* Ideologies are not that different from religion; both are beliefs in abstract concepts
* Socialism is humanism, they believe in human
* There are two types of chaos. The type 1 is not affected by the prediction (weather). Type 2 is affected (markets). If someone predicts the movement of the market, it will change in the next day because people will invest in it.
* Game theory shows how a pattern that harms all players tend to spread in multiplayer games. The arms race is a good example: one country increases his military power, and the other tends to follow. In the end, a lot of money was spent in arms, and the military power is still balanced, while health and education did not receive investment
* The revolution of science was a revolution of ignorance. It started when we found how many crucial things we don't know.
* It would be interesting to tell Buda, Mohammed, or Jesus that to understand the human mind you first need to learn statistics
* Science considers death as a technical problem which can have a technical solution. It's not the fate of humans to die; we don't have to give meaning to life or afterlife
* Science is mostly guided by social or political forces. Scientific research usually gets funds from those who are benefited by the results
* Charles Darwin was invited to the trip after many geologists declined the invitation. His research became the theory of evolution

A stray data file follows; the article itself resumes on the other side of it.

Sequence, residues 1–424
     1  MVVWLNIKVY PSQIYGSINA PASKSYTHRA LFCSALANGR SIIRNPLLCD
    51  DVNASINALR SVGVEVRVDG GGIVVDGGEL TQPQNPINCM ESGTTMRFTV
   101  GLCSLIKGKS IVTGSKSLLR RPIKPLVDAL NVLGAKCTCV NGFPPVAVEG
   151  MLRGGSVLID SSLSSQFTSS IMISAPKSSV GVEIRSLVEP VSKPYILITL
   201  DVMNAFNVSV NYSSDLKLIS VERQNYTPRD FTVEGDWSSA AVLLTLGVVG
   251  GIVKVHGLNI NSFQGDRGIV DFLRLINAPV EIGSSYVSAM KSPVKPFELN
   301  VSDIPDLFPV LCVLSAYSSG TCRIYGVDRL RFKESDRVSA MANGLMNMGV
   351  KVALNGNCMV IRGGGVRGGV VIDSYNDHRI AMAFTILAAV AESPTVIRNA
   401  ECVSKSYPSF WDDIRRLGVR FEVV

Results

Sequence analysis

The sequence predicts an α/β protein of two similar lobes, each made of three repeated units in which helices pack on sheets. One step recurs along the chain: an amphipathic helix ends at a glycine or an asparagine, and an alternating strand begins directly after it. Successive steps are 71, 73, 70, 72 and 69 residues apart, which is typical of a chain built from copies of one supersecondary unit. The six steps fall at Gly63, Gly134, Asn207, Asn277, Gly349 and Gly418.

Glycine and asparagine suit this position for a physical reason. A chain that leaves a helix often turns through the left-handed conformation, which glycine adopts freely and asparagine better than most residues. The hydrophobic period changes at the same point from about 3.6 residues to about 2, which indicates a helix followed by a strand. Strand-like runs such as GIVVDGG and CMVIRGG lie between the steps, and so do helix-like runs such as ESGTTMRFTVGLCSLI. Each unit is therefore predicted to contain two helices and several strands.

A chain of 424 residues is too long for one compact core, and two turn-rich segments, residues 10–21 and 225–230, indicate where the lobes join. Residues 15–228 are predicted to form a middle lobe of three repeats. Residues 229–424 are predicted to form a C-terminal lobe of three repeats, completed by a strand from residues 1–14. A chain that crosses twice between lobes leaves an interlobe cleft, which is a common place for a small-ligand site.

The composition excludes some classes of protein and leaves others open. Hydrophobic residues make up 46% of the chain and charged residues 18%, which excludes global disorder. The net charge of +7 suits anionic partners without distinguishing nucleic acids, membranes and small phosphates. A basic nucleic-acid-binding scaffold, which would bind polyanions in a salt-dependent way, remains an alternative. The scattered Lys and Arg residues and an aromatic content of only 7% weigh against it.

* The wealth of nations. One of the most important economic manifesto of all time
* Adam Smith tells people to think about the economy as a win-win situation. If I'm rich, it will also benefit you, since I will consume your products. It only happens when the Rich uses the money to do productive activities.
* It's not necessarily true that for one to become rich, he has to take it from someone since it makes the economic cog spin
* Capitalism differentiates capital from wealth. Capital is something you will use to make productive investments. Wealth is something buried to the ground, something that doesn't generate any productive activity
* Capitalism promotes the idea that reinverting profits in production led to economic growth
* Negotiate with the state was far dangerous to negotiate than merchants. The state (King) was too powerful and could decide to not pay their debts in favor of another conquest or war
* To maintain a free market, no company is allowed to have a monopoly. Monopolies remove the ability of workers to change jobs and stabilize the price of the labor
* Capitalism killed millions out of indifference while other religions killed millions out of hate
* Slavery was highly incentivized by capitalism. There were many slaves In sugar plantations living miserable lives because it was profitable for everyone in the market chain.
* One of Capitalism's arguments for these atrocities is that Socialism (the other solution to that) is so much worse, in so many ways, that no ones have the stomach to try it anymore
* Humans were mostly moved by solar power. We ate plants and depend on harvesting. The food we ate became muscle power.
* The moon affects the Earth by applying gravitational force, which is what changes the sea
* Around the time humans were elevated to the status of divine creatures by humanist religions, we started to treat living creatures as machines